The Good Behavior Game (GBG) is a school intervention that motivates students to have better behavior through winning rewards on a team for positive behaviors. Many prior studies have found significant positive impacts of GBG on student and school outcomes. However, a recent study from Ashworth and colleagues found no effects on behavior from this intervention.
Ashworth and colleagues specifically studied GBG in a 2-year randomized control trial among 3,084 6-7 year old children in 77 UK primary schools. The results showed that:
- This study found no overall effects on student disruptive behavior, concentration problems, nor pro-social behavior (as observed by teachers).
- Additionally, the study found no subgroup effects either on demographic factors (such as being male) or based on cumulative risk.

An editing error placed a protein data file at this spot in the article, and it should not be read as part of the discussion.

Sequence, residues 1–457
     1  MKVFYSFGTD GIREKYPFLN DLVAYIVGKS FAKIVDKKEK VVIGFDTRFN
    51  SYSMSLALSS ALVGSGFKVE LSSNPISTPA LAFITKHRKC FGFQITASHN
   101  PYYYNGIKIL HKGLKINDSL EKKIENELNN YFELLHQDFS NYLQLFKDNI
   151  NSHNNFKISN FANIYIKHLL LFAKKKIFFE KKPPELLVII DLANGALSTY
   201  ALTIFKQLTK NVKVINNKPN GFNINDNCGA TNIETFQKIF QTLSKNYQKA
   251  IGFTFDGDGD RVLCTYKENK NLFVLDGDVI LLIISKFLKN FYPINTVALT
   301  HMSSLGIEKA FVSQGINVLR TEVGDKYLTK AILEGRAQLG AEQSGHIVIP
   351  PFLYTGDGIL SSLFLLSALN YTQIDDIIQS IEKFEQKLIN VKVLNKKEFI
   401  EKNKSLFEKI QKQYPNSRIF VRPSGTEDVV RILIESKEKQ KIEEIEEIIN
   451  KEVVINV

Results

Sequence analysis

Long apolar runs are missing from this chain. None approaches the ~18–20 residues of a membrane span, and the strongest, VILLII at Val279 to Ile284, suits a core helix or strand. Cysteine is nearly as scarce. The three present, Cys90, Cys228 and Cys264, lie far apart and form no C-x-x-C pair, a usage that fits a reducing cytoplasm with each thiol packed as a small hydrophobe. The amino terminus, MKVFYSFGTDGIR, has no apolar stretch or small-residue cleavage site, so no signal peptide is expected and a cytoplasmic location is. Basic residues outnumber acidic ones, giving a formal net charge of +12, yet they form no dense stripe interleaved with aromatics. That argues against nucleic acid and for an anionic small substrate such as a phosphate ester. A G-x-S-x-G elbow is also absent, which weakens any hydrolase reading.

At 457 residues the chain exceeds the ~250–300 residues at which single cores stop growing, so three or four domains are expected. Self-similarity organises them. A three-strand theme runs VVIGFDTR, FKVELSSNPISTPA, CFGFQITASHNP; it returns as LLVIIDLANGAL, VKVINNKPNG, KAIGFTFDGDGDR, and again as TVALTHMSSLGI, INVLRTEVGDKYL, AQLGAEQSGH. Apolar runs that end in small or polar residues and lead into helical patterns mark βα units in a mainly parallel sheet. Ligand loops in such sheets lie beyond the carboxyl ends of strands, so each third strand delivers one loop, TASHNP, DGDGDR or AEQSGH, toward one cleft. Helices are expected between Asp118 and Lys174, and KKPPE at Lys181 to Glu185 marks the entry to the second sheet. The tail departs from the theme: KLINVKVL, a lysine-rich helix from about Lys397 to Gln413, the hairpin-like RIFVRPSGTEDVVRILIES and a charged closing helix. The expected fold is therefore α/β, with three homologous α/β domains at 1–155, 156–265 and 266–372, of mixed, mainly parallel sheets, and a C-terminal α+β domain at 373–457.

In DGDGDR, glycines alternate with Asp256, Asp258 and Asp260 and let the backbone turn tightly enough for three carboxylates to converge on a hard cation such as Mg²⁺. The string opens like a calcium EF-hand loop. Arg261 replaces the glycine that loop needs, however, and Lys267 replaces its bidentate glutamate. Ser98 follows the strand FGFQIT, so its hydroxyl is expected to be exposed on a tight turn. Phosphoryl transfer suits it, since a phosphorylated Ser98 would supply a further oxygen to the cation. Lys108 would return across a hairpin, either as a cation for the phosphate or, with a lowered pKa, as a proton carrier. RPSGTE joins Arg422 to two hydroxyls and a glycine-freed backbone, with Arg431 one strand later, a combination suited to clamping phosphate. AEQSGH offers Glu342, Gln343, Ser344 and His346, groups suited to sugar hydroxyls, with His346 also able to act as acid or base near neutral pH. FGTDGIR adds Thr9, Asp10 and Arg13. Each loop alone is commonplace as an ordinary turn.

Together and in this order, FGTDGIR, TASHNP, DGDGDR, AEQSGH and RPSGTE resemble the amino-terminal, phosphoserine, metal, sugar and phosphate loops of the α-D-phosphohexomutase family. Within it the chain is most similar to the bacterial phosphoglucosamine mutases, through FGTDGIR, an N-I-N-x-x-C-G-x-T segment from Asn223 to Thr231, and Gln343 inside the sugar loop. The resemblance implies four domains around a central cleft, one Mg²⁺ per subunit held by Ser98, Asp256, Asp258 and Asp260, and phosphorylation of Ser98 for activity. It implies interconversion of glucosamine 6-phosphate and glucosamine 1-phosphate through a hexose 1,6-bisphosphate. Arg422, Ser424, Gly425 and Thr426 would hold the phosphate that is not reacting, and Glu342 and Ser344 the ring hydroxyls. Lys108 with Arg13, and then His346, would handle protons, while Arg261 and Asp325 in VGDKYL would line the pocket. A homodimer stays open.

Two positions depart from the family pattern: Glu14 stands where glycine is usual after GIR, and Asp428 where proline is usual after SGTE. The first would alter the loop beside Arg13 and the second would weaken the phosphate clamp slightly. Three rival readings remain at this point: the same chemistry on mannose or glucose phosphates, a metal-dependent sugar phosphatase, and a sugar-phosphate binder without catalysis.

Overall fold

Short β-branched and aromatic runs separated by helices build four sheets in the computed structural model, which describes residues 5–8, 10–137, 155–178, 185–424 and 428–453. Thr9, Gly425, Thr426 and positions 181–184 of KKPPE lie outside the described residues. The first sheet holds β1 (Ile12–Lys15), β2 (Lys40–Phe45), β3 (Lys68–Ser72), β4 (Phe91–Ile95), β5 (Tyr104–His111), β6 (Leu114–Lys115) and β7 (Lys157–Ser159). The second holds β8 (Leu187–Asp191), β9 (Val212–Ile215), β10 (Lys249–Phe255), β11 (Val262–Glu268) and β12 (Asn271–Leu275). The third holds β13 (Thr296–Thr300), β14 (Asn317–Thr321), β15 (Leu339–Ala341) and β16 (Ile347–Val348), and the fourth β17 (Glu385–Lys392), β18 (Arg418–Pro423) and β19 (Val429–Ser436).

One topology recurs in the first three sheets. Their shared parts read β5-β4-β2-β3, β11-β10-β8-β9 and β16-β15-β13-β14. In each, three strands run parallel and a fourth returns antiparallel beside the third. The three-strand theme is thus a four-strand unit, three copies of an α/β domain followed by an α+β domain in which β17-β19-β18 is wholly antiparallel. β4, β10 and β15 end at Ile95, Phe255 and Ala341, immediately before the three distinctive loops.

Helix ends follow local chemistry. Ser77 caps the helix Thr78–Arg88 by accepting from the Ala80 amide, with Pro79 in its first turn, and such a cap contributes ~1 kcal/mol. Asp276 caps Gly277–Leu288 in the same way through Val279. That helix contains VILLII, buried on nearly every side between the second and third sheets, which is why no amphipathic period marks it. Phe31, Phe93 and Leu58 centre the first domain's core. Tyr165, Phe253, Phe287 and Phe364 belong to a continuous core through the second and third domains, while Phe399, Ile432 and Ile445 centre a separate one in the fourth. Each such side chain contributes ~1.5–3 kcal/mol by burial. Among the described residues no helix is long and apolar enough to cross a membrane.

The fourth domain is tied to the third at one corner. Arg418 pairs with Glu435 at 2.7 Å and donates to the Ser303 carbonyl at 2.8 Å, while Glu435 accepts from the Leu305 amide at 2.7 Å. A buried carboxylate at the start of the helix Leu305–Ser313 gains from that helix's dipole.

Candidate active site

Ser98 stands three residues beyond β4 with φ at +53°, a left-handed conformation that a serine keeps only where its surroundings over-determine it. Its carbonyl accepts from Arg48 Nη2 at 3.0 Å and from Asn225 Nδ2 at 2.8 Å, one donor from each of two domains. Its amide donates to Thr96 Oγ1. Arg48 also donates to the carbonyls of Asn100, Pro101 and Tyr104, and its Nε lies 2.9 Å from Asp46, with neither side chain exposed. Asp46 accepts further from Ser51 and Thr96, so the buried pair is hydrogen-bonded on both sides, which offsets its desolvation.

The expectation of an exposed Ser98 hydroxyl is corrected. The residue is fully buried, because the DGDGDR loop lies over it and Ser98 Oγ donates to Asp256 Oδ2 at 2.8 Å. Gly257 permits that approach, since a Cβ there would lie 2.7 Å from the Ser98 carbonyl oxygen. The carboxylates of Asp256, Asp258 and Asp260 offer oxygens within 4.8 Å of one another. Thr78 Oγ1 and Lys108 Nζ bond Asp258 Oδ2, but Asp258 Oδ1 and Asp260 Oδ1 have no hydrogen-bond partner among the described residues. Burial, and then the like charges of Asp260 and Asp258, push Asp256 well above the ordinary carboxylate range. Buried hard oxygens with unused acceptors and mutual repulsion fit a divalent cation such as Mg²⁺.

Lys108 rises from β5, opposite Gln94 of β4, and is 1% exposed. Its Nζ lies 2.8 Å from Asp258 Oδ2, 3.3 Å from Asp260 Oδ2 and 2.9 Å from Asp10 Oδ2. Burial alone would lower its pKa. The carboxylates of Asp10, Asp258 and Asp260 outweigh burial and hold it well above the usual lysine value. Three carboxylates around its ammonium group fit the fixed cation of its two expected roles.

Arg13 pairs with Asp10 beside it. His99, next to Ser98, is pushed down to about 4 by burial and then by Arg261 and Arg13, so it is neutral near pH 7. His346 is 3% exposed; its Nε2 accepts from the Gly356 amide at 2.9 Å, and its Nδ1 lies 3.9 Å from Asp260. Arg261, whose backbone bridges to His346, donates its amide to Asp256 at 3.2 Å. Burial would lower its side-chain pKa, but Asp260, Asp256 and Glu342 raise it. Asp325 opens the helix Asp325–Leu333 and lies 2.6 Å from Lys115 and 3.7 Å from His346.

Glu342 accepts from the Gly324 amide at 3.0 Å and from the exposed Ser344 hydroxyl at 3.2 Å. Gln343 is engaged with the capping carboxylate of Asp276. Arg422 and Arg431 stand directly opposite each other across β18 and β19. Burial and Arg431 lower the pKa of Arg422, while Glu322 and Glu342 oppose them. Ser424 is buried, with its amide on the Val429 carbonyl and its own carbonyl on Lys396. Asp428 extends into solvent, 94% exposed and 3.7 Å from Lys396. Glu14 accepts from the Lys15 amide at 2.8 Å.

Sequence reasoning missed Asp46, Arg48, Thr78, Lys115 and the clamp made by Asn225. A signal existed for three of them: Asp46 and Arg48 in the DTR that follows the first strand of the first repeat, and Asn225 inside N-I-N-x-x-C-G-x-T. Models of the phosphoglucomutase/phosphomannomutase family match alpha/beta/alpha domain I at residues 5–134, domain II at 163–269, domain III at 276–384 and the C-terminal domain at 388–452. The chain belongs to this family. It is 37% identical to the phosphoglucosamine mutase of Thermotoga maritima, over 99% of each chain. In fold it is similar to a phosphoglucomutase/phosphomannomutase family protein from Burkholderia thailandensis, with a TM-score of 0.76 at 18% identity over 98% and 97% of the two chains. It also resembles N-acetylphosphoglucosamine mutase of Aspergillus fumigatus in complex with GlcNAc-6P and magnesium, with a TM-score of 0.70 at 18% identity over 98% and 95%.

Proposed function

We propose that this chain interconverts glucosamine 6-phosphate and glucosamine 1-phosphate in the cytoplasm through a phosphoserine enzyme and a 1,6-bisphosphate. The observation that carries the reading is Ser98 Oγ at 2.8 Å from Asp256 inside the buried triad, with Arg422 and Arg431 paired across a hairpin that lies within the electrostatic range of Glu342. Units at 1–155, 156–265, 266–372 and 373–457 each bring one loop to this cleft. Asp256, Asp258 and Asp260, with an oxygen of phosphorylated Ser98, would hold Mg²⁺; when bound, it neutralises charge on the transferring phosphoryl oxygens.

- The study also found no effect based on how much the program was implemented by teachers.
The authors hypothesize that this lack of an effect may be due to the British cultural context (lack of adaptation and little room for improvement). Alternatively the authors propose that prior studies of GBG have not looked at these particular behavioral outcomes, which are key to GBG theory. Although less promising for GBG, this study helps add to the larger picture of how it works, and potentially the limits of its effective applications in schools.
Source: Ashworth, E., Humphrey, N., & Hennessey, A. (2020). Game over? No main or subgroup effects of the Good Behavior Game in a randomized trial in English primary schools. Journal of Research on Educational Effectiveness, 13(2), 298-321.